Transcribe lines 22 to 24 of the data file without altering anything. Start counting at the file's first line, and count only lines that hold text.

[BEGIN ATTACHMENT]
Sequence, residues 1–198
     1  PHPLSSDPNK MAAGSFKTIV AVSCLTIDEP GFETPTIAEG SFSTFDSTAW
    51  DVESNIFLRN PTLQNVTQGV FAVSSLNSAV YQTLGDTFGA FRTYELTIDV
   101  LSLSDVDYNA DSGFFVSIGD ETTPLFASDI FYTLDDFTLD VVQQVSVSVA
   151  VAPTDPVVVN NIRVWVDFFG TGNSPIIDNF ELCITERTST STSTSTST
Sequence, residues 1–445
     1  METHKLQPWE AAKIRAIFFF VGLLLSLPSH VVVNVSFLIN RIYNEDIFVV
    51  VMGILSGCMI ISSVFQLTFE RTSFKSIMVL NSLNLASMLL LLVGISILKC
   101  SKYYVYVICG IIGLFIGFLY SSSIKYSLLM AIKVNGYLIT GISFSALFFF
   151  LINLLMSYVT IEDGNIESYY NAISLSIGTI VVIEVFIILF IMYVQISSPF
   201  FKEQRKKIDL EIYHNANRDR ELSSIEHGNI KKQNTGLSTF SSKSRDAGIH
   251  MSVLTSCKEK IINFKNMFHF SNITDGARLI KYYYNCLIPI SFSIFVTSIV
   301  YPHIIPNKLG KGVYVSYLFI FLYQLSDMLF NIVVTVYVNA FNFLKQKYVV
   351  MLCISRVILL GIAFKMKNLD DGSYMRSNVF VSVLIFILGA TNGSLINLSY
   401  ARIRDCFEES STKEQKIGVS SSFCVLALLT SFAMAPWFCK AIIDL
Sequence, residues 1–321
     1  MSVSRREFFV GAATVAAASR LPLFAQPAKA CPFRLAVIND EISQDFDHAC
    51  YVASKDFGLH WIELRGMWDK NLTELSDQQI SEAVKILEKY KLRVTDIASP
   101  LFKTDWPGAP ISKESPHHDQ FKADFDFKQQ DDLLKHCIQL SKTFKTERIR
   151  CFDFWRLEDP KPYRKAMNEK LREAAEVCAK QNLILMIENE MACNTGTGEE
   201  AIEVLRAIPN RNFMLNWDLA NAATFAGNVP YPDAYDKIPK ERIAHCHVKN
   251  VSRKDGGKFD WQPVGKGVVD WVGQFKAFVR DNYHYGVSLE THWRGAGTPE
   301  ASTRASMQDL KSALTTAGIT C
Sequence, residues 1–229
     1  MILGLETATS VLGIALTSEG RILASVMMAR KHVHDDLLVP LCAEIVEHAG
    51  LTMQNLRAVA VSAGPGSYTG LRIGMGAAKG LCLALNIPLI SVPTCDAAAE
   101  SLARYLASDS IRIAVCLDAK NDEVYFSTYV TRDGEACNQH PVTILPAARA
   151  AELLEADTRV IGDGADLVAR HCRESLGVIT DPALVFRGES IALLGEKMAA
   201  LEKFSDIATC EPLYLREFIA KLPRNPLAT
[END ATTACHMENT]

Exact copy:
   251  VSRKDGGKFD WQPVGKGVVD WVGQFKAFVR DNYHYGVSLE THWRGAGTPE
   301  ASTRASMQDL KSALTTAGIT C
Sequence, residues 1–229